Advertisement

AMA says it will be part of consultations for new airline passenger bill of rights

An airplane prepares to land at Pearson International Airport in Toronto, September 30, 2004. THE CANADIAN PRESS/Adrian Wyld.
An airplane prepares to land at Pearson International Airport in Toronto, September 30, 2004. THE CANADIAN PRESS/Adrian Wyld. THE CANADIAN PRESS/Adrian Wyld
The airline passenger bill of rights introduced by the federal Liberal government last month is expected to head to the consultation phase next year.

READ MORE: Passenger bill of rights to outline what airlines owe you for travel disruptions

On Saturday, the Alberta Motor Association (AMA) confirmed it will be part of those consultations.Vice-president of government and stakeholder relations Jeff Hasbrick told the Alberta Morning News theassociation would be looking at overbooking as well as how passengers are treated during delays.“We’ll be looking at the kind of treatment that air passengers at minimally should expect from an airline if they are delayed on the tarmac,” he said, “as well as any compensation for some of those really extended delays where you’re getting into… maybe an hour wait or something even more than that.”Hasbrick said the AMA would also be looking at overbooking and the ability for an airline to remove a passenger from a flight once they’re already boarded, citing the now infamous incident on a United Airlines flight where a passenger was forcibly removed from an overbooked flight.During the meetings, Hasbrick doesn’t believe the AMA will be asking for anything out of the ordinary, just for reasonable treatment of air passengers.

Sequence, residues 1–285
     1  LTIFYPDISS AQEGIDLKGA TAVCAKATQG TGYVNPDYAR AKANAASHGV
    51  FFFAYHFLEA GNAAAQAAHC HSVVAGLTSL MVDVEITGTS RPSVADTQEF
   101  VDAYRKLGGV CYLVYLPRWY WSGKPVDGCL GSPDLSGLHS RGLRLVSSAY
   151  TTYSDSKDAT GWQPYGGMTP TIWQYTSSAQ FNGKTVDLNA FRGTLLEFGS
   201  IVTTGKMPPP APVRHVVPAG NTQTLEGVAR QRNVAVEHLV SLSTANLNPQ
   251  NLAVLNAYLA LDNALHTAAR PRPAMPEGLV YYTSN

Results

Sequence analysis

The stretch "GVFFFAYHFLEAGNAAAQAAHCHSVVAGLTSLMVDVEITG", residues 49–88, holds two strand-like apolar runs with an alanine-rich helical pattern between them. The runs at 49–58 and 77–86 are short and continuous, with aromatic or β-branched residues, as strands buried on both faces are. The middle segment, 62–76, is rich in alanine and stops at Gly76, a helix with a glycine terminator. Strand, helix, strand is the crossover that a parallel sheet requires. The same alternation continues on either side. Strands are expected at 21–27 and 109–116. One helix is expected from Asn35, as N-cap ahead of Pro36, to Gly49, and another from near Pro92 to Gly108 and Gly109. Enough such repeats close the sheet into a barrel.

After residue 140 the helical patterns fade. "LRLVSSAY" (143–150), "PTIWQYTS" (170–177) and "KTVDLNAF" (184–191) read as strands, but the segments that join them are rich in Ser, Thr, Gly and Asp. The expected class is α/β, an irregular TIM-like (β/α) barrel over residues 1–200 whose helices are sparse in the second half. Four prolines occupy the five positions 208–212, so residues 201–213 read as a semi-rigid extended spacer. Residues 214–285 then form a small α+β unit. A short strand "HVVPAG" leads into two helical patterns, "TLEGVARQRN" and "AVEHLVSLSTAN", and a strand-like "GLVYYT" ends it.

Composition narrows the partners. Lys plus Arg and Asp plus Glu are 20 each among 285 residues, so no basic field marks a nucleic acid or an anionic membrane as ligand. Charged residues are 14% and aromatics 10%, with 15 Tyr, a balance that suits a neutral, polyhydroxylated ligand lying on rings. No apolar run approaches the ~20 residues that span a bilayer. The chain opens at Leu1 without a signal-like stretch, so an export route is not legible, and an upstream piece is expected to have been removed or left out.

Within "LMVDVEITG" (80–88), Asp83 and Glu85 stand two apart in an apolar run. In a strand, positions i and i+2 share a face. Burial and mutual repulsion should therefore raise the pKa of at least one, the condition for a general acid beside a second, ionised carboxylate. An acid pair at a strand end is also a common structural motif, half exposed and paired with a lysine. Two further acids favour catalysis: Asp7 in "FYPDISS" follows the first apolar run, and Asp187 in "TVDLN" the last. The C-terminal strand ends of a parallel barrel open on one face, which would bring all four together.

“We aren’t seeking anything too extravagant,” he said. “What we’re looking for is making sure that when people travel – whether it be for leisure or for business – that they can have some peace of mind and confidence about the kind of experience that they are going to have.”
During the consultations, the AMA will be looking at overbooking, flight delays, flight cancellations and lost or damaged baggage.Consultations aren’t expected to begin until next year, after the bill goes through the House of Commons and the Senate.​
Advertisement

Sponsored content